Nature reserves are ‘fragile places’

17 Jun 2020 10:28
Published by: Scott Callan

People in Lancashire are being urged to remember that nature reserves are “fragile places” that should be treated with care and consideration to protect the wildlife that lives there.

The Wildlife Trust for Lancashire, Manchester and North Merseyside believes some of the vandalism and litter problems on its reserves are caused by people not realising the importance of these special areas.

And with a little more care, visitors would not spoil wild habitats that, in some cases, have taken decades to create.

Wildlife Trust campaigns manager Alan Wright said: “We have seen an increase in the number of littering and vandalism incidents on our reserves during the Coronavirus lockdown. There have even been raves, dance events where people have just selfishly left litter and caused damage.

“Some of this is down to the fact that these areas are isolated and people involved believe they can misbehave without being caught.

“However, in many cases it is just people not realising that nature reserves are not their local park – so they play games and go for a swim in areas that are clearly fenced off for wildlife.”

As the Wildlife Trust prepares to start opening its most popular reserves in the region in the next couple of months, it is hoping to speak to visitors and explain how their actions can affect the wild plants and creatures that live there.

Alan said: “These are vitally important environment for mammals, birds, insects and plants, allowing them to breed and bring up young in ideal conditions. Of course, this means these areas are sensitive to any kind of human disturbance. They are fragile and need to be left alone and viewed from a distance.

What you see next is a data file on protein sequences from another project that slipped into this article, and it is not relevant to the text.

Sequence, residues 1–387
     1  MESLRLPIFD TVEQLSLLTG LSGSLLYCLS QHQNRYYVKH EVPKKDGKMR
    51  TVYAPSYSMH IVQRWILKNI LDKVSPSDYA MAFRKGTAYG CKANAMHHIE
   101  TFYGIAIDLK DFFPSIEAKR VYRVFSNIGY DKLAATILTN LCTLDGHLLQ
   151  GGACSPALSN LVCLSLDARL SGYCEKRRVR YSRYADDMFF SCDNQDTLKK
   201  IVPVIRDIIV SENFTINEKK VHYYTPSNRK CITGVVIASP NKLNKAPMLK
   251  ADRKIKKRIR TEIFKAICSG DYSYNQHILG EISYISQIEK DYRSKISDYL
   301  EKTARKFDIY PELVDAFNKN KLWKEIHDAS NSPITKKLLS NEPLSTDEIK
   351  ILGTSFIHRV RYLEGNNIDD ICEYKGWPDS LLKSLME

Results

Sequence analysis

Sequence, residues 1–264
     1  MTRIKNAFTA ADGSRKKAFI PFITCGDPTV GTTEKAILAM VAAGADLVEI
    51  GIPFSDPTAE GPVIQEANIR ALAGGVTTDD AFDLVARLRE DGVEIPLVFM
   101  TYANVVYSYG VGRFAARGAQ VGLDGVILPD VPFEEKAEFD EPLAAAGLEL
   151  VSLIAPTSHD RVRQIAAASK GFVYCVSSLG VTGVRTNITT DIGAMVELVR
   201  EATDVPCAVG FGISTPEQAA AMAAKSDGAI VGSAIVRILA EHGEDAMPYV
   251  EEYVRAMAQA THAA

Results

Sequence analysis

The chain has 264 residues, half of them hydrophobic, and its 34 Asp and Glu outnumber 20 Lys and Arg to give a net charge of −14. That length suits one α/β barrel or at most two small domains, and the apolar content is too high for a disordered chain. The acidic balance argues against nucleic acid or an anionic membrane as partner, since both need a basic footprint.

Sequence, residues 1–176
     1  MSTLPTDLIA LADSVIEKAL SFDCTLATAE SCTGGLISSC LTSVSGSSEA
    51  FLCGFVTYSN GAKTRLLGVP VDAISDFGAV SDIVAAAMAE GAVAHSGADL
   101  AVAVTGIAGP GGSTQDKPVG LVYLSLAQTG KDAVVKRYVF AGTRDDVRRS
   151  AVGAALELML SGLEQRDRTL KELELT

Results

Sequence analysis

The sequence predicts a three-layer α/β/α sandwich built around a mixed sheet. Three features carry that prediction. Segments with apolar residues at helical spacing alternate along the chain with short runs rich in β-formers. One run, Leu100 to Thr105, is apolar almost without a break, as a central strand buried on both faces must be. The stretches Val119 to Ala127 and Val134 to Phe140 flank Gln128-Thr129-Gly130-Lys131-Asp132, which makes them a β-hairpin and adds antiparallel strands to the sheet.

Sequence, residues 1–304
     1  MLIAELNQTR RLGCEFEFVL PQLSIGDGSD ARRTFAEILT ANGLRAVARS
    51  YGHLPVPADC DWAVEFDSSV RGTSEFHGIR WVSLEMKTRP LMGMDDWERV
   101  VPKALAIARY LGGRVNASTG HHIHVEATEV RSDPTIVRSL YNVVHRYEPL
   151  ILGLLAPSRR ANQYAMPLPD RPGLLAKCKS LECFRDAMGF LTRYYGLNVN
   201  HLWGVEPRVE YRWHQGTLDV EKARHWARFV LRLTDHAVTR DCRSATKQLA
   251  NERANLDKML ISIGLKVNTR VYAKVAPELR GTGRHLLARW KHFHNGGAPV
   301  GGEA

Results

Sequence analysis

“Climbing over a fence and wandering through grassland, for instance, could mean you are destroying hidden nests, causing fledglings to run away, or destroying plants that are vital food sources for insects.

“If there is a fence, it is there for a reason, so you - or your dog - shouldn’t be running through it. Similarly, swimming in a nature reserve lake is only going to disturb the birds that live and feed there.”

Incidents have included illegal swimming, dogs killing wildlife and lambs and people starting fires because they did not tidy up after themselves. Reports of youths encouraging dogs to chase birds in these sensitive areas have also been reported to police.

The trust is hoping that the reopening of the reserves will bring in more people with wildlife knowledge to stop these incidents.

Alan said: “Our officers and other regular visitors to our reserves will speak to people and explain why they are doing wrong and report criminal activities. As we open our gates some of these problems will be solved because our reserves will not be as isolated as during the first months of the lockdown.

“In the ideal world people who visit our reserves will think before taking actions, whether deliberate or accidental, which could damage wildlife or create dangers for human visitors, including themselves.”

If anyone sees anti-social behaviour in any wild places, they can contact the police or the Wildlife Trust.


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